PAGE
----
Friday, June 16, 2017

1) Pitt Town Market Day and Garage Sale to fund clean water wells in West Papua

1) Pitt Town Market Day and Garage Sale to fund clean water wells in West Papua
2) Gov’t to Hold More Public Forums on New Palm Oil Regulation
1) Pitt Town Market Day and Garage Sale to fund clean water wells in West Papua
16 Jun 2017, 9:08 a.m.
COME along to Pitt Town’s Massive Market Day and Garage Sale on Saturday, June 24, and help raise money for a clean water well in West Papua.
The Market Day will take place at the Uniting Church on Bathurst Street from 9am until 2pm, and all funds raised will go towards the Church’s work with the West Papuan Development Company (WPDC), which builds clean water wells for communities in need.
Market-goers can look forward to live music and singing, tea/coffee and cake stalls, books and plants, a huge fruit and vegetable stall with local produce, and sausage sandwiches and egg and bacon rolls.
Community members looking to get rid of some household items can book a spot and sell their wares, including books, clothes and old furniture, and either keep the proceeds or donate them to the mission. 
Market Day organiser Rebecca Andrews said WPDC is a registered Australian charity, administered and run according to Australian standards, and is entirely volunteer based.
“Some years back one of our Church members went to West Papua for five years. She saw firsthand the tragedy of sickness and the difficulties that arose from ‘no clean water’. Women and children in particular suffer and high infant mortality rates are a sad product of this problem,” said Ms Andrews.
“After extensive training with engineers the West Papuan people are now building the wells themselves to international standards. Like all quality products the material costs are high. We have built 22 wells to date but sadly many more are needed. The cost is just over $2500 AUD for each well.”
To find out more about WPDC and the Church’s work in West Papua, visit

2) Gov’t to Hold More Public Forums on New Palm Oil Regulation
By : Dhania Putri Sarahtika | on 5:32 PM June 16, 2017

The Indonesian government is going to hold more public forums to collect input on a new presidential decree to manage sustainable palm oil production. (Antara Photo/Budi Candra Setya)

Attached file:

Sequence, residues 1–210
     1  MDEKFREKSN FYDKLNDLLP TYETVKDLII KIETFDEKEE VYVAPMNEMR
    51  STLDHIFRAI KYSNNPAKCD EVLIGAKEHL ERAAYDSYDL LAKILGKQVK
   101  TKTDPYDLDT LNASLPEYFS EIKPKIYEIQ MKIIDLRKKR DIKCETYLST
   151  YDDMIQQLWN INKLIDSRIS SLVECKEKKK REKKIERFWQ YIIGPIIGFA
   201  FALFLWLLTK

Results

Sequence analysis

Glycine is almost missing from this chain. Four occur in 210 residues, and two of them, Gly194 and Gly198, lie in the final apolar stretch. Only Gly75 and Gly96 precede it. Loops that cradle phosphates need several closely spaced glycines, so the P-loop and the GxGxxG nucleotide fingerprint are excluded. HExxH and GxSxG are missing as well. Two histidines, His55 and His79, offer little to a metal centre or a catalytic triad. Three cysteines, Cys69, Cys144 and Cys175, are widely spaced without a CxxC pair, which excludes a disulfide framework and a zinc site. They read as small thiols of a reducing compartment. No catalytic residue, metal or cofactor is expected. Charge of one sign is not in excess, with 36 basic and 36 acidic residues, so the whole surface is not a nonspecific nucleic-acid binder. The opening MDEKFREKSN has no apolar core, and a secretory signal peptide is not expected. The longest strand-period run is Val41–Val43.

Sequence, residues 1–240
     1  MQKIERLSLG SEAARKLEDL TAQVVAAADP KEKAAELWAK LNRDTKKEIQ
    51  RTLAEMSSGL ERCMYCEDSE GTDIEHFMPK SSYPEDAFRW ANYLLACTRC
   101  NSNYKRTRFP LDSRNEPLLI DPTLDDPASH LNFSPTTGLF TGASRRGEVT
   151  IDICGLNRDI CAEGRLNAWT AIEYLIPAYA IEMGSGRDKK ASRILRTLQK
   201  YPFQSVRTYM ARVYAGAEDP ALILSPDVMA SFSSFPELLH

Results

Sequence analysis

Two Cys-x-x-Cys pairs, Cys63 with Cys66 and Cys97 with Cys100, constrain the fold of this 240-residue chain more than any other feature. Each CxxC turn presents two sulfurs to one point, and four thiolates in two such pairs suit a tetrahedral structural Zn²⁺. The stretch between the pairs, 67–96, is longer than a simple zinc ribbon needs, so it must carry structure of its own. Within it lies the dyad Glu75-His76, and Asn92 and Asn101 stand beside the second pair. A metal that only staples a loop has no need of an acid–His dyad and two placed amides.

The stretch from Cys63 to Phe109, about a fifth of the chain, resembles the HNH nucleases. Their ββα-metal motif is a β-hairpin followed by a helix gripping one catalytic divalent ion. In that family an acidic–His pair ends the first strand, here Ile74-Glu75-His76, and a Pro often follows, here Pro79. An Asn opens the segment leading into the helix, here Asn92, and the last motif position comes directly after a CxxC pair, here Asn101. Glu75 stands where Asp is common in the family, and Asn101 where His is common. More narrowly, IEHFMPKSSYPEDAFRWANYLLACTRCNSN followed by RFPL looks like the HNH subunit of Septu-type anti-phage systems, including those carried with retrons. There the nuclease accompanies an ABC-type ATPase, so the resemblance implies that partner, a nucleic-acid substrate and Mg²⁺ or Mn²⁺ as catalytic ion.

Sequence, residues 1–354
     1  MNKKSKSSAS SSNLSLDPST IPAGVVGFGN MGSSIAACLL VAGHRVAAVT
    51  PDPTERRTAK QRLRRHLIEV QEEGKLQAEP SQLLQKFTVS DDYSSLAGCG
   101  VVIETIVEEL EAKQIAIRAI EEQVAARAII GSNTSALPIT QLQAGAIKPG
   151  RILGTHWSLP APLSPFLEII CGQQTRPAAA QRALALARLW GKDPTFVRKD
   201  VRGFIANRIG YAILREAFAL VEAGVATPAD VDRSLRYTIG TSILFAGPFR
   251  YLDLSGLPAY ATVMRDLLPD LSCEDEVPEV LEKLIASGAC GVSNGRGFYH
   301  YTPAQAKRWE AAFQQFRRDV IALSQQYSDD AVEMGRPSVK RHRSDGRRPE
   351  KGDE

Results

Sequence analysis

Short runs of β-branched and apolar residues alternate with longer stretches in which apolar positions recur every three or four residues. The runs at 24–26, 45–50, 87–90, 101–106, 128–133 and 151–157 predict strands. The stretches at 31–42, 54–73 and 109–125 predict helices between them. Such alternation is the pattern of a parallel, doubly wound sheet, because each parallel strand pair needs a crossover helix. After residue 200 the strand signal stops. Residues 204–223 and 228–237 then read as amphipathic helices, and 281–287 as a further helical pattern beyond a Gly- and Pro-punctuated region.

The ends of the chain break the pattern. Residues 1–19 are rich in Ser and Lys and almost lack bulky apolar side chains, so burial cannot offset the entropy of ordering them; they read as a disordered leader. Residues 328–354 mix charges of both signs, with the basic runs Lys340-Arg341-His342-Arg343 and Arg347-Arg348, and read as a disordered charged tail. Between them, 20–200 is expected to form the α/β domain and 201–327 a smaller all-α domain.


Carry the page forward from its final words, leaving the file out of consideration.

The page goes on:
Jakarta. The Indonesian government is going to hold more public forums to collect input on a plan to manage its Indonesian Sustainable Palm Oil policy, or ISPO, using the stricter regulation of a presidential decree, an Economic Affairs Coordinating Ministry official said on Thursday (15/06).
"We've already drafted the decree and held the public forums in Sumatra, Kalimantan and Sulawesi. Hopefully after Idul Fitri, we will have one in Papua," deputy minister assistant Wilistra Danny said during a discussion hosted by WWF Indonesia in Jakarta.
"We want to hear input from all stakeholders on what they expect from the regulation," he added.
ISPO is a national certification policy for palm oil companies introduced by the Indonesian government in 2011 to make palm oil production more sustainable.
For four years the policy was ruled by the Ministerial Regulation No. 19/2011, which was then revised into the Ministerial Regulation No. 11/2015. Both were issued by the Agriculture Minister.
The government has been pushing to regulate the ISPO under a presidential decree since mid-2016 and wanted to have it ratified earlier this year so it has a stronger legal instrument to manage the policy.
Indonesia also wants to be seen as putting in more effort to keep palm oil production sustainable. In the past it has often been criticized for being too lenient on unsustainable palm oil practices that lead to deforestation or land disputes with locals.

However, the government has opted for a slow, careful multi-stakeholder approach on the issue and attempted to incorporate as much input on the new regulation from corporations, NGOs, civil society organizations, academics and farmers through the public forums.
The forums have been held in Pekanbaru in the Riau Islands, Palangkaraya in Central Kalimantan and Palu in Central Sulawesi. The next forum is scheduled to take place in Sorong, West Papua, in the second week of July.
"We hope to hear more input before we host another forum on a national scale to which we will invite embassy representatives from countries where our palm oil is sold," Wilistra said.
The forums have had a positive response, particularly from NGOs and farmers who have praised them as an inclusive way of making regulations.

One of the changes to be included in the new regulation is to set in place an independent monitoring system managed by non-government officials, be they NGOs, CSOs, practitioners or individuals.
"[Independent monitoring] is one of the differences between the current ISPO regulation and the proposed presidential decree. The organizations or individuals responsible for monitoring can be based anywhere and are given the power to oversee any aspect of palm oil production, from drafting regulations, certification to whether a company has complied with the regulations," he said.
Child labor is one of the critical points that often crop up in the forums.
"Some companies claim children often help their parents work at plantations after school. Whatever the truth is, it shows the urgency of properly defining what should be categorized as child labor," Wilistra said.

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